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Wandering Tips for Caregivers

6 in 10 people with dementia will wander. A person with Alzheimer’s may not remember his or her name or address, and can become disoriented, even in familiar places. Wandering among people with dementia is dangerous. However, there are strategies and services to help prevent it.

Who is At-Risk of Wandering?
Anyone who has memory problems and can walk is at risk for wandering. Even in the early stages of dementia, a person can become disoriented or confused for a moment. It’s important to plan for this type of situation. Be aware of the following warning signs:

  • Returns from a regular walk or drive later than usual
  • Forgets how to get to familiar places
  • Talks about fulfilling former obligations, such as going to work
  • Tries or wants to “go home,” even when at home
  • Is restless, paces or makes repetitive movements
  • Has difficulty locating familiar places like the bathroom, bedroom or dining room
  • Asks the whereabouts of past friends and family
  • Acts as if doing a hobby or chore, but nothing gets done
  • Acts nervous or anxious in crowded areas, such as shopping malls or restaurants.

Lower the Chances of Wandering
Even the most diligent caregivers need strategies to help lower the chances to prevent wandering:

  • Carry out daily activities. Having a routine can provide structure.
  • Identify the most likely times of day wandering may occur. Plan activities at that time. Activities and exercise can reduce anxiety, agitation and restlessness.
  • Reassure the person if they feel lost, abandoned or disoriented. If the person with dementia wants to leave to “go home” or “go to work,” use communication focused on exploration and validation. Refrain from correcting the person. For example, “We are staying here tonight. We are safe and I’ll be with you. We can go home in the morning after a good night’s rest.”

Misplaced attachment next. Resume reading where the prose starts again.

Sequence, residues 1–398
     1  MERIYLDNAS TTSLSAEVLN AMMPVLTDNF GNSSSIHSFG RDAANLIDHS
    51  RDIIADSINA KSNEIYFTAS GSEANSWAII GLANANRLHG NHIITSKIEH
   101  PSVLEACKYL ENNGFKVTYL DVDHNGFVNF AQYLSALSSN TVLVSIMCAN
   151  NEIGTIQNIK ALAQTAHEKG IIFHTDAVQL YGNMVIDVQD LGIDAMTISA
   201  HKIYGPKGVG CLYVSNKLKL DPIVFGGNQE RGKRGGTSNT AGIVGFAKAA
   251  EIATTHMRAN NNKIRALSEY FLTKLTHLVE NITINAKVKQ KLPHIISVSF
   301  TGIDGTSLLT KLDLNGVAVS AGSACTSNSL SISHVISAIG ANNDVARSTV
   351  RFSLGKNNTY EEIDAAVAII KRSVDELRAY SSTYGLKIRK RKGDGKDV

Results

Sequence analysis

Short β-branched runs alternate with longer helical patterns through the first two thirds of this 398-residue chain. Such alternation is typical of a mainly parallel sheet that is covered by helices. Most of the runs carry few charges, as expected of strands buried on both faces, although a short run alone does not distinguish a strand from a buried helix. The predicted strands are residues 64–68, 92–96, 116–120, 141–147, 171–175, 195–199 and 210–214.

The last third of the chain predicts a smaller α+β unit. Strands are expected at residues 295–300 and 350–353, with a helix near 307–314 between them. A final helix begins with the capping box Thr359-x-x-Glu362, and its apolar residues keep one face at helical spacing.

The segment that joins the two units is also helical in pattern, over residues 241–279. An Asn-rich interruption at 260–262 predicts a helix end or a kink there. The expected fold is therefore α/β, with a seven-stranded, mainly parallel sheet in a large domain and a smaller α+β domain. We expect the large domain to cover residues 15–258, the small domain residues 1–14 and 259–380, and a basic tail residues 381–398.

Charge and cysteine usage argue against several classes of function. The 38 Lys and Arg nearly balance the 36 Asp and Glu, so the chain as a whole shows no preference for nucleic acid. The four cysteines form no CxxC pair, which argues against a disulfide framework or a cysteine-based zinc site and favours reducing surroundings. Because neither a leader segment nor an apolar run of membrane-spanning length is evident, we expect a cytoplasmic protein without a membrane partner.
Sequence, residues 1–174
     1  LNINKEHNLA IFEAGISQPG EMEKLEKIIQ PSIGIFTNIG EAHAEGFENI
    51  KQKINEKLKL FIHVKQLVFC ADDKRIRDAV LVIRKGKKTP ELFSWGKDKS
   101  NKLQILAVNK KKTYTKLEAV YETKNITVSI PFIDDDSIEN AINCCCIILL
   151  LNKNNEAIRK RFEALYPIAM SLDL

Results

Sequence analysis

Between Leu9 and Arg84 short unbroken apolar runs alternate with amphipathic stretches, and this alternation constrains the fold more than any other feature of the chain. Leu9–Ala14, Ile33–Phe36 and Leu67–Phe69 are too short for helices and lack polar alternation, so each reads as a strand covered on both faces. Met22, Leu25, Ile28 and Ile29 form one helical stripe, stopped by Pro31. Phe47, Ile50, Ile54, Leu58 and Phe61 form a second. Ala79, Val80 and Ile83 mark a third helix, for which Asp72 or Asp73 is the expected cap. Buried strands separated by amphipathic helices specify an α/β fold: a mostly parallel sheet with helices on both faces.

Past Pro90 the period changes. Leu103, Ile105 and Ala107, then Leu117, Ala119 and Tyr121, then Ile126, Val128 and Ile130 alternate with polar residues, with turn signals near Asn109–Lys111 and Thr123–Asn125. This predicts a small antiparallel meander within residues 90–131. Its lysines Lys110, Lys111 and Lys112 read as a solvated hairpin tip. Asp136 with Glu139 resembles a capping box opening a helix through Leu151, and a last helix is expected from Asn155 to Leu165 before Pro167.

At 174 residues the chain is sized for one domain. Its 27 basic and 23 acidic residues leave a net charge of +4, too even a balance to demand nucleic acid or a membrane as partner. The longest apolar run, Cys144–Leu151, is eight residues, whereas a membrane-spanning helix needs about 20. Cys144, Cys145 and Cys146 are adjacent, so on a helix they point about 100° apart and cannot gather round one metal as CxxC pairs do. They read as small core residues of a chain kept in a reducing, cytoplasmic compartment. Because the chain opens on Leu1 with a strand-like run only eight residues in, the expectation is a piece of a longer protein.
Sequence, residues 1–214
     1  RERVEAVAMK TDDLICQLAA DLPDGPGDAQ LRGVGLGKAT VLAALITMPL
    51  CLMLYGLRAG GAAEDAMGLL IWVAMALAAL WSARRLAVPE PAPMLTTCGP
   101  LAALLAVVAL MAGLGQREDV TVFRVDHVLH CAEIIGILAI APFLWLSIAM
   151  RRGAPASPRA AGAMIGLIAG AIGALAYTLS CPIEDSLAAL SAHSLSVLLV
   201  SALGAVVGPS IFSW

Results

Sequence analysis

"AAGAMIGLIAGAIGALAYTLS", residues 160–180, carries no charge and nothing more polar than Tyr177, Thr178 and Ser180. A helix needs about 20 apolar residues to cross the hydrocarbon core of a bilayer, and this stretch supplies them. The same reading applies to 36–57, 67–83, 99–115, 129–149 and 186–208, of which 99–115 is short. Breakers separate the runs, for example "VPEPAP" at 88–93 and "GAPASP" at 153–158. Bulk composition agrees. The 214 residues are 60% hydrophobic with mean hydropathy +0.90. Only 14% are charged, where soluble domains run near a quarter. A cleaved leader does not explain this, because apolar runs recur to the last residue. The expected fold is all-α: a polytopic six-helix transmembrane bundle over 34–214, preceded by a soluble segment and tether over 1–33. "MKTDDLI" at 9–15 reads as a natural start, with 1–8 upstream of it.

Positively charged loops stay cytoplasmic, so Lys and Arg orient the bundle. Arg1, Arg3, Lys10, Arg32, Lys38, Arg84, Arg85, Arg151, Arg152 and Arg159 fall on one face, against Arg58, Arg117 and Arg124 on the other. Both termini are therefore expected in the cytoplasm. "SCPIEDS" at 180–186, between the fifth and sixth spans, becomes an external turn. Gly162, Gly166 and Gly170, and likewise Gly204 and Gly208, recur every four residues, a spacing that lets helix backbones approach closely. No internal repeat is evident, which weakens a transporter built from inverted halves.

• Ensure basic needs are met – eating, hydrating, toileting.
  • Avoid busy places that confuse and cause disorientation – the mall, grocery stores.
  • Place locks out of the line of sight. Install higher or lower on exterior doors and consider placing slide bolts at the top or bottom.
  • Use devices that signal a door or window is opened – maybe as simple as a bell placed above a door or as sophisticated as an electronic home alarm.
  • Provide supervision. Do not leave someone with dementia unsupervised in new or changed surroundings. Never lock a person in at home or leave him or her in a car alone.
  • Keep car keys out of sight. If the person is no longer driving, remove access to car keys — a person with dementia may not just wander by foot. The person may forget they can no longer drive. If the person is still able to drive, consider using a GPS device to help if they get lost

Make A PlanWhen someone with dementia is missing search-and-rescue efforts begin immediately. Ninety-four percent of people who wander are found within 1.5 miles of where they disappeared.

The stress experienced by families and caregivers when a person with dementia wanders and becomes lost is significant. Know what to do in case of an emergency:

  • Keep a list of people to call on for help. Have telephone numbers easily accessible.
  • Ask neighbors, friends and family to call if they see the person alone.
  • Keep a recent, close-up photo and updated medical information on hand to give to police.
  • Know your neighborhood. Pinpoint dangerous areas near the home – bodies of water, open stairwells, dense foliage, tunnels, bus stops and roads with heavy traffic.
  • Is the individual right or left-handed? Wandering generally follows the direction of the dominant hand.
  • Keep a list of places where they may wander – former jobs, homes, places of worship, a restaurant.
  • Consider enrolling the person living with dementia in a wandering response service.
  • If the person does wander, search the immediate area for no more than 15 minutes. If the person is not found within 15 minutes, call 911 to file a missing person’s report. Inform the authorities that the person has dementia.

 

This article was adapted from Alzheimer Association 2020.